Once said to have the worst butterfly one of her coaches had ever seen, Fairfield's Amy Roth didn't fare too bad for herself after all in the swimming pool.
Roth fine tuned that butterfly, along with other strokes, well enough to advance to the state tournament all four years of her high school career.
She ended up winning seven gold medals out of the eight events she qualified for during her run.
"It was pretty amazing," Roth said. "I don't think it was overwhelming, it was just amazing.
"There's an energy that goes on in high school swimming that doesn't go on in USS (club) swimming."
The passion for the pool never left Roth through of all her success, whether it was winning her first gold medal in 1994 in the 100-yard backstroke to swimming at Princeton University.
"It's such a unique experience and then to be on top of the podium as a freshman, it was just an amazing feeling, and that word doesn't even do it justice," Roth said of her first gold medal.
The second event of her freshman year would be the only time Roth didn't stand at the highest point on the medal podium during states. She placed fourth in the 200-yard individual medley.
But, the overall success of her freshman year led to her desire to finish out her career on top.
"Once I did it as a freshman, then you set standards," she said. "The second year there was a ton of pressure. My sophomore year, I was seeded fourth going into those events. There was a lot of nervousness from my parents down to my coaches."
But, those uneasy feelings soon subsided as Roth captured gold in the 100-yard backstroke and the 200-yard IM in 1995.
Roth took the familiar walk to the top of the medal podium in both her junior and senior year as well in those two events to complete a remarkable high school career.
She also captured All-America honors in 1995-1997 and set state records at the time in 100-yard backstroke in 1996 and again in 1997. Roth also set the state record in 1995 and broke it again in 1996 in the 200-yard IM.
The fact that she swam as an independent because Fairfield didn't have a swim team only added to her achievements.
"It wasn't that hard for me," Roth said of swimming as an independent. "The club team that I swam for was a mixture of high schools in Pennsylvania, so I really wasn't alone."
The fact that the 5-foot-4 swimmer was able to swim at the collegiate level is also stunning, given the fact she only started swimming on an impulse.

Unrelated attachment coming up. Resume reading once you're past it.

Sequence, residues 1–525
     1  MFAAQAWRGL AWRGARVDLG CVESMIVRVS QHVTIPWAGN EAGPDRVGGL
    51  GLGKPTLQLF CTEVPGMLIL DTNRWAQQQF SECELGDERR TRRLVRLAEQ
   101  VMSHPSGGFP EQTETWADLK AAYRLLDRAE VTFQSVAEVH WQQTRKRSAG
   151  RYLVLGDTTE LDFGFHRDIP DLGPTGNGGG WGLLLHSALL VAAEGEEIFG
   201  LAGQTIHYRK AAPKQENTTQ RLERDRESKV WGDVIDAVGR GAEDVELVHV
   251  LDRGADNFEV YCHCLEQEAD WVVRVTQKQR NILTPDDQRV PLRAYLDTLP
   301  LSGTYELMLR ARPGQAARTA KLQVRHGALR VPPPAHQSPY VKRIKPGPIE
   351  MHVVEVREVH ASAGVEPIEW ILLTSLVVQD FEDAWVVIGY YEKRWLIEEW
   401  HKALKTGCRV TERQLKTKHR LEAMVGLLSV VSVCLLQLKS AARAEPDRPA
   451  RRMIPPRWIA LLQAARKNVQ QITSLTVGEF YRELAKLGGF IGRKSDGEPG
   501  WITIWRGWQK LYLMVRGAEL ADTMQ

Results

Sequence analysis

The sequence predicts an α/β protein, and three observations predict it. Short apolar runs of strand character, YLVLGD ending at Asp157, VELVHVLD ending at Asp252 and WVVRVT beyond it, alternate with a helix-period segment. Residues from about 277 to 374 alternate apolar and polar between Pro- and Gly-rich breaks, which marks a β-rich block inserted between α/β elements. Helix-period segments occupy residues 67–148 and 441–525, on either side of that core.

"I was seven or eight, and it was on a whim. My neighbor was recruiting swimmers for the local YMCA team, and my parents said, 'Yeah she can do it for the summer, it will be something to keep her busy', and then I just never gave it up."
She also never let her small stature deter her from reaching her goals in the pool.
"I'm not really the appropriate size for a swimmer, because I'm so short. A lot of my competition was much taller than I was, but I was often able to overcome them because I had better technique. I was a very technical swimmer," Roth said.
As is the case for some athletes who arrive at college trying to duplicate the success they had at the high school level, injuries take a toll.
Unfortunately for Roth that scenario unfolded in her first two years at Princeton, when herniated discs in her back cut short her freshman year.
The pain in her back returned in her sophomore year at Princeton, forcing her to cut her career short.
"I wasn't able to finish my college career, which was a big disappointment for me," Roth said.
That frustration led Roth to focus even more on her studies at the very prestigious university, where she obtained her major in religion in 2001.
After a few years working, Roth returned to school, this time at Lake Erie College of Medicine in Bradenton, Fla. She will graduate from LECOM in 2011.
"This is always really what I wanted to do," Roth said. "It's far more of a passion to get out of bed when you're working towards medical school, instead of just working for a paycheck."
Now, at 30-years-old, Roth doesn't look back and wonder what may have happened had her career stayed on track at Princeton.
"I can say I have no regrets about my 20s. I feel like I was ready to turn 30. I was ready to embark on a new stage of my life," Roth said.